Israel arrests Jerusalem activists in disputed neighborhood
Israeli police broke into the home of an important family in Jerusalem’s disputed Sheikh Jarrah neighborhood on Sunday, the family said, arresting 23-year-old Muna al-Kurd, who led protests against attempts by Jewish settlers to ‘evict dozens of Palestinian families from their homes in the area.
The young woman was later released, but her twin brother surrendered and remained in custody.
The arrests came a day after Israeli police arrested a well-known Al Jazeera reporter covering a protest in the neighborhood.
Journalist Givara Budeiri was detained for four hours before being released and sent to hospital to treat a broken hand. It was not known how her hand was broken, but her boss blamed the mistreatment by the police.
Earlier this year, heavy-handed police actions in Sheikh Jarrah and other parts of East Jerusalem fueled weeks of unrest that helped spark an 11-day war between Israel and Hamas militants in the Gaza Strip. .
Those tensions are simmering again this week – and could explode again if Israeli ultra-nationalists follow through on plans to march through the Muslim quarter of Jerusalem’s Old City on Thursday. Israeli police were to hold consultations on whether the parade, which was originally scheduled to take place when war broke out on May 10, would be allowed to proceed.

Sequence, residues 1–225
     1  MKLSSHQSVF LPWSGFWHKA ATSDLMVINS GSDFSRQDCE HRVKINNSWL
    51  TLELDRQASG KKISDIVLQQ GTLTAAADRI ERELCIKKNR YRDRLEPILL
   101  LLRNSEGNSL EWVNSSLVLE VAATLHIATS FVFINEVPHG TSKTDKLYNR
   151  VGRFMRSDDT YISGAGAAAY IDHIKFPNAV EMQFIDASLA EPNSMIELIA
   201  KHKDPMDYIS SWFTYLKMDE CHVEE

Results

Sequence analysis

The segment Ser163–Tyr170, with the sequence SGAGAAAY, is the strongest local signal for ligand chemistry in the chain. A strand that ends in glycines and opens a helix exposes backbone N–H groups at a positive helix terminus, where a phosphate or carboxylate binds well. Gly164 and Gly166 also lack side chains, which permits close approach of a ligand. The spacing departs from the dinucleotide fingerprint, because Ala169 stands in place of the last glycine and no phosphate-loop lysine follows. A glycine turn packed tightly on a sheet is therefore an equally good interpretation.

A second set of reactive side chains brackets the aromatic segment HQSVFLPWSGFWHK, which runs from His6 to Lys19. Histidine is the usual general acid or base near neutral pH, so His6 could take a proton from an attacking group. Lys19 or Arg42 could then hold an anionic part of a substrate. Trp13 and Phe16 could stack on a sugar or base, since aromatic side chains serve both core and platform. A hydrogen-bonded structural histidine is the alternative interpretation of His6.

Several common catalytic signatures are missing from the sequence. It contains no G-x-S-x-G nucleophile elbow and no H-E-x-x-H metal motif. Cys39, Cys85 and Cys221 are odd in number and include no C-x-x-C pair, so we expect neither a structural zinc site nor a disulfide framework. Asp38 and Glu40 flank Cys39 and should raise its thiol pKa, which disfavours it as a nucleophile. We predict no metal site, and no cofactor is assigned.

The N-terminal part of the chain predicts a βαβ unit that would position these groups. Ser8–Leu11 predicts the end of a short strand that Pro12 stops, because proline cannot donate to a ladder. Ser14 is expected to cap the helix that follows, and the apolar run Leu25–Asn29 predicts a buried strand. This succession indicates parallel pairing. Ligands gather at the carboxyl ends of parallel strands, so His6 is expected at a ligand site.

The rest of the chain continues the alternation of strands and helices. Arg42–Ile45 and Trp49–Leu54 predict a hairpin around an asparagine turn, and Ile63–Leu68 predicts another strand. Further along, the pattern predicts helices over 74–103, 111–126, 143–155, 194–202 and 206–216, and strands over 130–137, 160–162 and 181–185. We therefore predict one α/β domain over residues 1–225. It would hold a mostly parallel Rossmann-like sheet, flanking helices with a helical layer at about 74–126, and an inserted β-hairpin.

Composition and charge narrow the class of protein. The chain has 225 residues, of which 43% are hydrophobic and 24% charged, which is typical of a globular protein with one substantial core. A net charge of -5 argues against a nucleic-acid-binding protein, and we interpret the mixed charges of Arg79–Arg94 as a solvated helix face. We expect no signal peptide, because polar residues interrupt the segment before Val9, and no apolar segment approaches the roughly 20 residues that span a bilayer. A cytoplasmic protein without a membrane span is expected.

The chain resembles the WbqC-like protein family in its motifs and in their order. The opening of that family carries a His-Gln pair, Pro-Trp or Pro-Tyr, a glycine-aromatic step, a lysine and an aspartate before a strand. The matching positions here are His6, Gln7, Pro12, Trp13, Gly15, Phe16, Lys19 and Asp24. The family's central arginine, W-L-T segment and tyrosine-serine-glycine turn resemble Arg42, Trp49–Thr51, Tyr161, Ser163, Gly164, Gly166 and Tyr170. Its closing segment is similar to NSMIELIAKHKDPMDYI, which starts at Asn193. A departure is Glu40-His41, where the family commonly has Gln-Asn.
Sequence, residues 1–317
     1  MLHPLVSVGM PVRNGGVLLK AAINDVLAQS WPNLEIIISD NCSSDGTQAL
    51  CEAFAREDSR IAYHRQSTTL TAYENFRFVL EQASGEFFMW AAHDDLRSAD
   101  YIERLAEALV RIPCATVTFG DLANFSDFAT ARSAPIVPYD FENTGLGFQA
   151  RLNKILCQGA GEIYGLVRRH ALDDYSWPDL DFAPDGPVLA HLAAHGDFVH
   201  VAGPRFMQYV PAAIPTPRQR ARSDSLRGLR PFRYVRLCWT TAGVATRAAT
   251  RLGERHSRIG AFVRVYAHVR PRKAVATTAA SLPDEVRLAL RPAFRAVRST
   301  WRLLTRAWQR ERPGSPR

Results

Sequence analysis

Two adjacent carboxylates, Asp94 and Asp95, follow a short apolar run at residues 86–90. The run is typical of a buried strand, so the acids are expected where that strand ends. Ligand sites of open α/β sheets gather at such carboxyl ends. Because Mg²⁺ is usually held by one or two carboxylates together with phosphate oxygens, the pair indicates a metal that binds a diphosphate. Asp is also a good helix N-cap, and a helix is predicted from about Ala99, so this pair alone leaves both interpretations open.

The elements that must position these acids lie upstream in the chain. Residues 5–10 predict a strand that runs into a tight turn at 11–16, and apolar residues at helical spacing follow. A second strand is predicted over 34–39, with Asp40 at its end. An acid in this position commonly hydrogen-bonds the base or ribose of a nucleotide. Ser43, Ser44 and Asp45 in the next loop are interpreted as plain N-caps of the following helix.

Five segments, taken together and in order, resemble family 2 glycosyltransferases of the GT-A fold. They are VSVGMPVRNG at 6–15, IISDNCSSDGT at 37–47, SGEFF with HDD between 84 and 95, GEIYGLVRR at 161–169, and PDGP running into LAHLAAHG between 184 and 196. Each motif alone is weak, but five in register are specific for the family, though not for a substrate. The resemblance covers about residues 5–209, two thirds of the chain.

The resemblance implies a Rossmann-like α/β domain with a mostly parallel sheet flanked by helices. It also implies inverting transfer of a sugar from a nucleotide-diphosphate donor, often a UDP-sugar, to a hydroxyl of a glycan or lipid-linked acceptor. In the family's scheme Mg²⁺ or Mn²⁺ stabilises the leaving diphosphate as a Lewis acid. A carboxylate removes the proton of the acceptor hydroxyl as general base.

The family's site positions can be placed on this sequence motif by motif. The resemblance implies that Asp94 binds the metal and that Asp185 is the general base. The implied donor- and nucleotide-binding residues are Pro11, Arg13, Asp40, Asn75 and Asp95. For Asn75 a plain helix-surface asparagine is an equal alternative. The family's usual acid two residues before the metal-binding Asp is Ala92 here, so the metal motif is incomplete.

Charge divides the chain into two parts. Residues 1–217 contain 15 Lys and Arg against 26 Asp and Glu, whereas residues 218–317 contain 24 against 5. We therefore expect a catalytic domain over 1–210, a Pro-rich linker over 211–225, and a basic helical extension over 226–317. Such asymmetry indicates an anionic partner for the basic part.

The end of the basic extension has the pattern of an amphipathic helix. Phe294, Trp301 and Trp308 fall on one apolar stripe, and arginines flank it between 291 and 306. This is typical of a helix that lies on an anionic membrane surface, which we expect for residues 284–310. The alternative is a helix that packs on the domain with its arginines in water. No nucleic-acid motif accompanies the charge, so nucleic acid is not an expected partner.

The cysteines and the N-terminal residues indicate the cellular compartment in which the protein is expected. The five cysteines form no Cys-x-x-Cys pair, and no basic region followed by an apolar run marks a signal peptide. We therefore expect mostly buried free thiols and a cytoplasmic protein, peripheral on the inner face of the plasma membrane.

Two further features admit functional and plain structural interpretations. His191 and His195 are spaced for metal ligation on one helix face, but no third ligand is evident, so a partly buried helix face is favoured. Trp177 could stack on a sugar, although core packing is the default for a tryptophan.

The resumption of violence could make it difficult for opponents of besieged Prime Minister Benjamin Netanyahu, who formed a fragile and disparate coalition last week, to pass a parliamentary confidence vote needed to replace him and take office. A close ally of Netanyahu oversees the police.
In Sheikh Jarrah, Jewish settlers waged a decades-long campaign to evict families from densely populated Palestinian neighborhoods just outside the walls of the Old City. The area is one of the most sensitive parts of East Jerusalem, home to sites sacred to Jews, Christians and Muslims that Israel captured in 1967 and annexed in a move unrecognized internationally. Israel sees the entire city as its capital, while the Palestinians want East Jerusalem as the capital of their future state.
Settler groups and Israeli officials say the Sheikh Jarrah dispute is only about real estate. But the Palestinians say they are victims of a discriminatory system. The settlers use a 1970 law that allows Jews to reclaim once Jewish property lost during the 1948 war surrounding the creation of Israel, a right denied to Palestinians who lost property in the same conflict.
Sheikh Jarrah’s al-Kurd family has been at the forefront of months of protests against the planned evictions.
Early Sunday, police took Muna al-Kurd, 23, to her home.
His father, Nabil al-Kurd, said the police “stormed the house in large numbers and in a barbaric manner.”
“I was sleeping and found them in my room,” he said. The police then searched the house and arrested her daughter. A video posted on social media showed that she was taken in handcuffs.
“The reason for the arrest is that we are saying that we will not leave our homes, and they don’t want anyone to voice their opinion, they don’t want anyone to tell the truth,” he said. “They want to silence us.
Police also searched for his brother, Muhammad al-Kurd, but he was not there. He later surrendered to the Jerusalem police.
The siblings’ lawyer, Nasser Odeh, told reporters outside the police station that his clients were accused of “disturbing public security and participating in nationalist riots.”